Nagy, Peter Victor
M.S. (Master of Science)
Department of Mechanical Engineering
Metal-cutting--Simulation methods||Time-domain analysis
Global competitiveness is forcing manufacturing companies to make a critical review of every aspect of their businesses. In most machine shops, the profit margin is typically quite low. Optimized processing is required to ensure a profit. Simulation of metal-cutting processes provides substantial opportunities for enhancing throughput, decreasing costs and improving product quality. The use of computer simulations to avoid unstable cutting processes is one area where significant gains can be realized. Time domain simulation models were developed for both plunge feed turning and slender endmilling. Simulations were conducted using C++ computer programs. Chatter (i.e., excessive tool vibration) is shown to exist beyond a stability limit of chip width for both cases. Sinusoidal varying tool displacements are demonstrated to contribute to regenerative surface waviness (i.e., causing varying chip thickness) for all chip widths. A nominal tool displacement that is proportional to chip width arises due to the tool compliance and force exerted on the tool. When chip widths are below a limiting size for stability, displacement amplitudes decay towards the nominal tool displacement value. For chip widths at the stability limit, a constant amplitude of the tool displacement around the nominal value occurs. A constant growth of the displacement amplitude occurs for chip widths above the stability limit. Generally, the growth rate in the amplitude is fester for larger amounts of excessive chip widths. However, the amplitude growth is limited when the tool momentarily and repeatedly leaves the cut corresponding to chatter. Experimental verification was performed utilizing a Kistler force dynamometer, a Tektronix data acquisition system, a Renault lathe and a Mori-Seiki machining center. Good correlation was achieved between experiments and simulations.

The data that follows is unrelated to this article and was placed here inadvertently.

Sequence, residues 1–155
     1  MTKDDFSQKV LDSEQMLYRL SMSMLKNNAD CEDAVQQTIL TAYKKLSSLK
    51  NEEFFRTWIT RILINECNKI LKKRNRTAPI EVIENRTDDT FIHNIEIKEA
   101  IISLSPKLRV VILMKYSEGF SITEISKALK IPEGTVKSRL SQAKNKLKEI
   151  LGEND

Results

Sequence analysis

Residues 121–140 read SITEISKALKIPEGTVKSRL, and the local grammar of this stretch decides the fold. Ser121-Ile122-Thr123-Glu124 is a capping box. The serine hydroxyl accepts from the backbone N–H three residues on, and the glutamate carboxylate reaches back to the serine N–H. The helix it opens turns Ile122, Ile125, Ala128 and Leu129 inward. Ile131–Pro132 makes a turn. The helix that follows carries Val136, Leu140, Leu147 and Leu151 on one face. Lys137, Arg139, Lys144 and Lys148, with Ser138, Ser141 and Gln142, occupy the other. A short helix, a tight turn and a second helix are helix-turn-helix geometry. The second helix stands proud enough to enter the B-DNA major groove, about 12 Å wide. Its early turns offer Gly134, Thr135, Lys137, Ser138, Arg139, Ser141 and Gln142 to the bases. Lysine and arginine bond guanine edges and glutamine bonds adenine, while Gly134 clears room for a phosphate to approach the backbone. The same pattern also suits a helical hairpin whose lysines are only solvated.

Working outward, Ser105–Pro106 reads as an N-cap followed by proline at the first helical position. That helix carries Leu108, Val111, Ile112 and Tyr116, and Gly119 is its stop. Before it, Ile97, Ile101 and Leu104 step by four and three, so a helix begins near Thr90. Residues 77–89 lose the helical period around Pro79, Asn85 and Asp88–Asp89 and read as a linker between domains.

Hoefler, Brian, "Time domain simulations of metal-cutting systems with experimental verification" (1997). Graduate Research Theses & Dissertations. 6466.
viii, 102 pages
Northern Illinois University
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